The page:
This meta-analysis explored the prognostic factors which can predict outcomes for patients with acute whiplash injuries. As a disclaimer this study was meant to identify the factors only and not what scales or intensity would lead to prognostic factors. The authors note that it is beyond the scope of their study to examine specific quantitative data regarding prognosis. This concept will be discussed later in this summary. I had two major takeaways from this piece: 50% of people who suffer from whiplash will have long term negative impacts, and that whiplash related pain and anxiety after a car accident are the most consistent prognostic factors for having long term negative impacts on their function. Other factors that were prognostic included catastrophizing, compensation and legal factors, and early use of health care. The authors did not identify what levels of pain or anxiety were more prognostic. The authors did not identify the amount of compensation or specific measures of legal factors. While a knee jerk reaction may be to say that people who have significant pain and anxiety who also get legal counsel quickly involved will have long term disability but that was not the focus of this paper and this assumption cannot be made based on the information provided. Please read on to find out what factors were not associated with long term impact or required further research to establish the type of connection.
This meta-analysis was relatively sizeable in terms of the amount of studies analyzed and the number of patients which were included across all studies reviewed. The authors analyzed 12 systematic reviews of moderate quality. Each systematic review analyzed anywhere from 6 to 38 studies for a total of 200 studies which included over 99,000 patients. The studies examined ranged from 1980-2012 and the meta-analysis was published in a 2017 journal. Being able to look at over 20 years of research and explore nearly 100,000 patients is an achievement and does bring a little more merit to a relatively common population.
The study was funded by the Motor Accident Authority (MAA) of New South Wales, Australia. However, the funder had no role in study design, data collection and analysis, decision to publish, or preparation of the manuscript. So why study acute whiplash injuries?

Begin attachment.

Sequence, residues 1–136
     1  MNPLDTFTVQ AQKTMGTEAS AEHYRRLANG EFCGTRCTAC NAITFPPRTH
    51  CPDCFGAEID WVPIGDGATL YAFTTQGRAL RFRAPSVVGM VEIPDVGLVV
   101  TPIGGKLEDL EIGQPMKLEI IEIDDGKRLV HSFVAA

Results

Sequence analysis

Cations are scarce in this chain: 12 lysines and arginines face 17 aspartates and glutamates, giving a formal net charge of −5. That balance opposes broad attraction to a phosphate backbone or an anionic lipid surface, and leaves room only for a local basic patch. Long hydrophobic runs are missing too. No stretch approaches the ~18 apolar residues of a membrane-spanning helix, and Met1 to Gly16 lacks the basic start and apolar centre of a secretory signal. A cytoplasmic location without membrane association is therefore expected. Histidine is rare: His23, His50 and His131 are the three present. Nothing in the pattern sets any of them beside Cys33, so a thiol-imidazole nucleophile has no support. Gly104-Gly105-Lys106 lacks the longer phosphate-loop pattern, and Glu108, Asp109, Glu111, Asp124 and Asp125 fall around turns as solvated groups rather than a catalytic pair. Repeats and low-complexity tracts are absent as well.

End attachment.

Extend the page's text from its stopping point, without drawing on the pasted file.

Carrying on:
Whiplash is among the leading car crash related injuries in terms of burden on patients, to the healthcare system, and on insurance organizations. Whiplash type injuries have been increasing over the past decade, and patterns of car accidents that causes whiplash have also changed and now include minor types of accidents. The overall increase in whiplash may also be due to rise in traffic density and changes in societal and litigation factors but was not part of this paper’s exploration. The authors examined potential prognostic factors and separated these factors into 4 categories: associated, non associated, lack of evidence, and controversial. Associated factors were defined as those which found adequate evidence to conclude that a factor was associated with the outcome of acute whiplash injury. Non associated was the opposite. A lack of evidence was unable to identify adequate evidence regarding a prognostic factor. Controversial factors were those which had conflicted evidence.
As mentioned earlier, the authors found the following as associated factors for predicting outcomes: post injury pain and disability, post-injury anxiety, catastrophizing, compensation and legal factors, early use of health care. The most consistent finding was the association of post injury pain and disability with long term pain and disability. The association of other factors was not as strong although the association of psychosocial factors with whiplash is notable.
Interestingly enough post injury MRI/X-ray findings, motor dysfunctions, or factors related to the collision were not associated with continuation of pain and disability in patient’s whiplash. Factors related to the collision were more related to speed of collision or direction of impact.
However, evidence on demographics and 3 psychological factors and prior pain was conflicting and there is a shortage of evidence related to the significance of genetic factors.
Overall this meta review suggests an association between initial pain and anxiety and the outcome of acute whiplash injury, and less evidence for an association with physical factors. To critically re-emphasize, this paper only sought to identify prognostic factors but not the scales or intensity of these factors. This would be an opportunity for additional research. There is a limited number of studies which examines prognosis of whiplash based on: occupation type, disc degeneration, pre-existing /new widespread body pain/fibromyalgia, or pre-injury fitness or exercise levels. As humans we are incredibly complex individuals when you consider what makes us ‘us’ and to determine consistent patterns that can fit specific populations is difficult. While the findings of this paper are unsurprising that having whiplash related pain is a factor for long term whiplash related pain, being able to identify factors which are not prognostic is also helpful.